New Microsoft Certs Announced

Microsoft is preparing two new tracks for systems administrators and developers, which candidates may attain as early as first quarter 2002. Microsoft announced them during its partner conference, Microsoft Fusion, in Anaheim, California. Microsoft also announced the first of its XP/Windows .NET Server exams.

The new systems administrator track is aimed at "network administrators, technical support specialists and Web administrators who implement, manage, monitor, and troubleshoot the network and system environment for the Microsoft Windows 2000 and Windows .NET Server platforms," according to a press release issued by the company. The same release says the new developer track is for "individuals who create software components including complex macros, desktop and Web clients, and data access and business logic objects."

Anne Marie McSweeney, director of the Microsoft Certification and Skills Assessment group, says the new systems administrator track, which has yet to be officially named, won't require as many exams as the MCSE. The new track's exam requirements may list current exams from the MCSE track as well as one or two new exams specifically for the new sys admin track, including a possible core exam particularly suited to testing the skills of the day-to-day systems administrator. She said that the requirements are still in development.

What's driving the new systems administrator title is a skills gap that exists within the certifications, said McSweeney. "The MCP is a great entry into the certification program, but it doesn't define a particular skill."

"To make the [Win2K MCSE] credential valuable in the workplace, we needed to raise the requirements," she added. "As well, we needed to target those who do the design."

"There's a whole group of people who do just the implementation," which McSweeney said the new track will assess. "They don't do all the design stuff. That particular job function -- when we raised the bar we left a void."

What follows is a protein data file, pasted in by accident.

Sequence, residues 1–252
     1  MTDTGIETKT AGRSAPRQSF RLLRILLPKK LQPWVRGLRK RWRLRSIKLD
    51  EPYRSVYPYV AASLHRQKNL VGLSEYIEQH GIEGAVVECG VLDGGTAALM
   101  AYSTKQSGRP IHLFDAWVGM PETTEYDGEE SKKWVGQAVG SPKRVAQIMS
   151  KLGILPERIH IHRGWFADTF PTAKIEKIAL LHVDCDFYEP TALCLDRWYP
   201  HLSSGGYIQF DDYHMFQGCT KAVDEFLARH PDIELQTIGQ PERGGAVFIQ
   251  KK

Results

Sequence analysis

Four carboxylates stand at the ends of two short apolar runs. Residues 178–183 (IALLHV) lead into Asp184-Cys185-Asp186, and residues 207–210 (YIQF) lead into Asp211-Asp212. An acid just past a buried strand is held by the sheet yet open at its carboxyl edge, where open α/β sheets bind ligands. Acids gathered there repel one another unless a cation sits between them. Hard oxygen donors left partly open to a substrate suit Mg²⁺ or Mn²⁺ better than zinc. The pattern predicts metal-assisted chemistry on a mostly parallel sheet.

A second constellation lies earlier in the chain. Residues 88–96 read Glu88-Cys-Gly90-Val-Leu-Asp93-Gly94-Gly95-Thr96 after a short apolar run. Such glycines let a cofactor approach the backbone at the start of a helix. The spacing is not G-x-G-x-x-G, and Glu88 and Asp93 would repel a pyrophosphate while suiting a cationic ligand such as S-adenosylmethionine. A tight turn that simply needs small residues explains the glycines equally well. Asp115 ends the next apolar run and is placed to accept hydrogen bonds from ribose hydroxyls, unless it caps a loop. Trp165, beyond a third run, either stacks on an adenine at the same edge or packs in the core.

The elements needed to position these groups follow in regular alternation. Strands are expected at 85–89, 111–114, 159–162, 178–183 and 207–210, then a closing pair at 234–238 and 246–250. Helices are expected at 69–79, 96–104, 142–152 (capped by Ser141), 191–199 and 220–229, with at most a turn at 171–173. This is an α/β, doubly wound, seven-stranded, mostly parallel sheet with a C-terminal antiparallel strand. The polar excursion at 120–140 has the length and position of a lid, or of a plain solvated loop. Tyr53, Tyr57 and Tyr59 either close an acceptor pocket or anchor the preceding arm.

McSweeney said that the developer track "wasn't as strong a need." Nonetheless, the same type of skills gap exists, with specialists whose roles are more narrowly defined as coders or programmers.

"I think it's something that the industry's been asking for for a long time, especially with the Win2K MCSE [becoming] such a great gap." Quoting one person, "It's like a step that's three floors up," said Thom Griffith, director of technical services for QuickStart Technologies, a California-based training company. "Taking a person who's a career changer and expecting that person to become an MCSE isn't realistic for the individual or for the industry."

Drew Cartwright, director of international business development at New Horizons in Santa Ana, Calif., thinks the track is a step in the right direction. "It's evolving nicely."

Ken Rosen, content strategist for Microsoft's Training and Certification Group, outlined the first in a line of exams and courses for Windows XP and Windows .NET Server. He said the new exam, 70-270, Installing, Configuring and Administering Windows XP Professional, will be made available soon after the Oct. 25 release of Windows XP.

Details were sketchy, but it's expected that the exam objectives will follow those of 70-210, Win2K Professional. It's also expected that Microsoft will make this exam a part of the Win2K MCSE and sys admin tracks, where candidates will be able to choose among a slew of WinXP/.NET exams as well as Win2K exams to fulfill the core requirements.

Exam objectives for 70-270 were not available on the Microsoft Training and Certification Web site at the time of this writing.

About the Author

Michael Domingo has held several positions at 1105 Media, and is currently the editor in chief of Visual Studio Magazine.


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